State is prepared on coronavirus, says governor; immediate risk to Kyians is low, but take precautions
There have no confirmed cases in Kentucky of coronavirus, known as COVID-19, and efforts are underway to keep it that way.
“I want to reassure everyone that your state government, your local health departments, everyone, is prepared and is ready to address this issue head-on,” Beshear said this week.
Beshear said public health officials have been contacting and monitoring anyone who has arrived in Kentucky from China during the last 14 days to self-isolate, avoid public gatherings and report their temperature and any symptoms daily.
“Thus far we’ve monitored over 100 people,” he said. “All but one has been illness-free. The one person who had symptoms tested negative.”
The governor announced the state has established a new website, kycovid19.ky.gov. “The site will help to answer public questions and support our medical community as information becomes available on the site.”
He says the State Health Operations Center has been activated, “which means we are focused on preparedness, planning and response activities.
Eric Friedlander, Acting Secretary of the Cabinet for Health and Family Services, said, “We are prepared to fulfill our Cabinet’s mission, to protect Kentuckians and to enhance their health, safety and well-being.”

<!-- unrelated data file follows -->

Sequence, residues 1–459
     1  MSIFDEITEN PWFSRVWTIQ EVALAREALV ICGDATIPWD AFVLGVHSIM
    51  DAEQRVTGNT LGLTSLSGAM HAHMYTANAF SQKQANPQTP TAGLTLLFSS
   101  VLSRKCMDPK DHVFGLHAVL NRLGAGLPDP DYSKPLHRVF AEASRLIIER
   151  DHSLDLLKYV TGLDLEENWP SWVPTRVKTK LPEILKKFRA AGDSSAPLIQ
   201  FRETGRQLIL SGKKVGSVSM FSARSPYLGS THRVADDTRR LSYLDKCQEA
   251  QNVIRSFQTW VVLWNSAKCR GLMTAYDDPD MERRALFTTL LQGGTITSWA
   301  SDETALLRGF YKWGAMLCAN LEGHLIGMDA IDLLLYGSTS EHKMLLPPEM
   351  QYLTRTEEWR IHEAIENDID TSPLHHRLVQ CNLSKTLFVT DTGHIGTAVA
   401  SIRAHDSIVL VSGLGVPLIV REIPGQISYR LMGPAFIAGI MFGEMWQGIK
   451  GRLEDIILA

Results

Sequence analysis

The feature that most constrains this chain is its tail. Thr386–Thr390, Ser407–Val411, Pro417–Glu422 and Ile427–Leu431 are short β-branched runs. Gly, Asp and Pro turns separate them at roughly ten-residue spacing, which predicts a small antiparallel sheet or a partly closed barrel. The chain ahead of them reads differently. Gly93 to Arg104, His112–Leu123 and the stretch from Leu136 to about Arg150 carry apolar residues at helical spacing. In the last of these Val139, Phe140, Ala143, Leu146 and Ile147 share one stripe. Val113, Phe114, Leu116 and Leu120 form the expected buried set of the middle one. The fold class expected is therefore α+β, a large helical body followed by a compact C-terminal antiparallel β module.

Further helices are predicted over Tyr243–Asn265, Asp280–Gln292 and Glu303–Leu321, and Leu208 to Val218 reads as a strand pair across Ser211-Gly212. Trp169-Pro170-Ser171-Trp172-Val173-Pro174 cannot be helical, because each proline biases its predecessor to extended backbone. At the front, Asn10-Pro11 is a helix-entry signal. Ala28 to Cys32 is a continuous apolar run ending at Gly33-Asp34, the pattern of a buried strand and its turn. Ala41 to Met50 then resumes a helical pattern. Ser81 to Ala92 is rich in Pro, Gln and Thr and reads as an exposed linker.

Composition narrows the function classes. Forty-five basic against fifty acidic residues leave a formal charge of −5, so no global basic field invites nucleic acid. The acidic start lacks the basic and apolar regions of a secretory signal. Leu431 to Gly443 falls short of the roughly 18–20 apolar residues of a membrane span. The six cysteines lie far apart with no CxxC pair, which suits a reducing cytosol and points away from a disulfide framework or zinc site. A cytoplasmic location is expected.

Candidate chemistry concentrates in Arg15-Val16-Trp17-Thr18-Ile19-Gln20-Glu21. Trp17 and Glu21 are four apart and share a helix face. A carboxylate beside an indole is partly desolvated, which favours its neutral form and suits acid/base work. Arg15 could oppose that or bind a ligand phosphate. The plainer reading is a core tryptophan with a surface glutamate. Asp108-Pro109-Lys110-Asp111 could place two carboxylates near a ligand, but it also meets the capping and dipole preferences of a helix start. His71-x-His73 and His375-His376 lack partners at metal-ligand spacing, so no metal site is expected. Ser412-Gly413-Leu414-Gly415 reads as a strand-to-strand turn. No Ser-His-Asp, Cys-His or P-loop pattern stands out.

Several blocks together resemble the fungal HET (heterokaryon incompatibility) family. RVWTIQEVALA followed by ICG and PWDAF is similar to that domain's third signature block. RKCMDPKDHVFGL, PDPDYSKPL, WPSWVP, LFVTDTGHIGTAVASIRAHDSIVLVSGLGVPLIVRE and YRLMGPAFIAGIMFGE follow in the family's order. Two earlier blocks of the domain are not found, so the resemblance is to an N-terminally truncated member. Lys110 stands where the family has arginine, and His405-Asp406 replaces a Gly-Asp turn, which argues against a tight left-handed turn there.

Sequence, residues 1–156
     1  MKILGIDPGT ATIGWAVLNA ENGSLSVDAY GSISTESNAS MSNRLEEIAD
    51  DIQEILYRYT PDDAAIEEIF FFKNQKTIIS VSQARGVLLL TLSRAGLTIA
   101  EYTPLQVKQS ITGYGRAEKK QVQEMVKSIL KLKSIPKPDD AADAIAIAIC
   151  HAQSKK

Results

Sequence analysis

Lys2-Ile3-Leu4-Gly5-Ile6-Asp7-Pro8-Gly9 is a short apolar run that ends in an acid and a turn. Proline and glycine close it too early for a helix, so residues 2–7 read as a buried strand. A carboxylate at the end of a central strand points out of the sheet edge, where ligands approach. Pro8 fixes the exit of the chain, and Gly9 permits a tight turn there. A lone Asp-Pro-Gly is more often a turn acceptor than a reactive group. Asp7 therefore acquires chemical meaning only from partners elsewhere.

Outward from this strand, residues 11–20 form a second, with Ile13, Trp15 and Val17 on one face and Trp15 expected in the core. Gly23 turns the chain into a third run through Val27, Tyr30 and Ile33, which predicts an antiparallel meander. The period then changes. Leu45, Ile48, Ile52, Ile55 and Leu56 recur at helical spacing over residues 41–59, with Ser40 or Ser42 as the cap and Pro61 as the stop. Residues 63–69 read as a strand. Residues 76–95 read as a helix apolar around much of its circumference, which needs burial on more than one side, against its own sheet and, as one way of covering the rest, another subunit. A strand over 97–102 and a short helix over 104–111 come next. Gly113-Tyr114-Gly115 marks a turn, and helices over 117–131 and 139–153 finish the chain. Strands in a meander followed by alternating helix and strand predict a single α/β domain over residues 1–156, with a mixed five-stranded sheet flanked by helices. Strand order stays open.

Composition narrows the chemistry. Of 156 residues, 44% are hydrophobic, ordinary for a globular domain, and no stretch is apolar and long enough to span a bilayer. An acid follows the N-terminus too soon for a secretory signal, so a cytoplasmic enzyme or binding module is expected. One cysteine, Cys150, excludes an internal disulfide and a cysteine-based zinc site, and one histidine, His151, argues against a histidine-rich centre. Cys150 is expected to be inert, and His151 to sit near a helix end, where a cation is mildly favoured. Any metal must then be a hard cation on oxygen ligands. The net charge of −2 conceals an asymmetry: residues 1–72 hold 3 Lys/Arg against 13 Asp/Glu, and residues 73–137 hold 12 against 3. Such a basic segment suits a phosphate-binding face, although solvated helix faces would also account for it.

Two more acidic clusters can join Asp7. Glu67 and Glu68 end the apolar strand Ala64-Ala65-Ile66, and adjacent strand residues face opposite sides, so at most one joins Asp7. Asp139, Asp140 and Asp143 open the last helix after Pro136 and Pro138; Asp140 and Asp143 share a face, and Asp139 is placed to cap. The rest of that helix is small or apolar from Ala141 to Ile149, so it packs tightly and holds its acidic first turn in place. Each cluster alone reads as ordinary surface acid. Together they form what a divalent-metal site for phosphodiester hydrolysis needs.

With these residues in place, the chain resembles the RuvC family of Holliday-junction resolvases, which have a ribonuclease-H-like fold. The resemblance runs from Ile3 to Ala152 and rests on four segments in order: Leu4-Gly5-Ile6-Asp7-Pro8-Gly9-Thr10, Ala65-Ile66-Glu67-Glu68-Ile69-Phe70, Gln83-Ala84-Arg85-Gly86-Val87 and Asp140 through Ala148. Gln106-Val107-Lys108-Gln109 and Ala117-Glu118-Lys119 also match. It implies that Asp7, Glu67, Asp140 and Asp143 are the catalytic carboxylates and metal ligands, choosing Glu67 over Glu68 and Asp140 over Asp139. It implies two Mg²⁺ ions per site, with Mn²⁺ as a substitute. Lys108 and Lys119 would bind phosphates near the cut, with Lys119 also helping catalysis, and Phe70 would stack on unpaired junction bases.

He said state government agencies are working together on the issue. “We have procedures in place for how we collaborate with the Kentucky Emergency Management System. This entire network has been built to protect every Kentuckian.”
Lawrence Co. Health Dept prepared
“Our role on the local level is to keep informed on all developments from the CDC and follow recommendations and guidance from the Kentucky Department for Public Health,” Said Lawrence Co. Health disease control director Ron Enders. “We will assist in contacting and monitoring any individuals who have travelled from effected areas or had contact with COVID-19 cases in the past 14 days. We are ready to answer any questions and will keep community partners and the public informed with relevant information”.
“Public Health is no stranger to pandemics. We spearheaded the response to the HINI pandemic in 2009. Our preparedness staff are veterans of that pandemic and are trained to handle any emergent situation that should arise with COVID-19. We have plans in place to provide information, education, guidance and if need be, mass distribution of prophylaxis or medications through our Point of Distribution, Enders said.
Department for Public Health Commissioner Dr. Steven Stack said the state is working with the Trump Administration to coordinate the response to COVID-19.
He also noted, “The potential global public health threat posed by this virus is high, but the immediate risk to Kentuckians is low.”
Beshear described some of the ways to keep COVID-19 from spreading, calling them similar to those with flu. “Staying home if you don’t feel well, don’t come to work if you are sick and properly wash your hands.”
The Kentucky Medical Association (KMA), the Kentucky Foundation for Medical Care (KFMC) and the Foundation for a Healthy Kentucky are urging Kentuckians to practice known flu prevention protocols in light of the Centers for Disease Control (CDC) warning that the novel coronavirus is expected to spread within communities in the United States.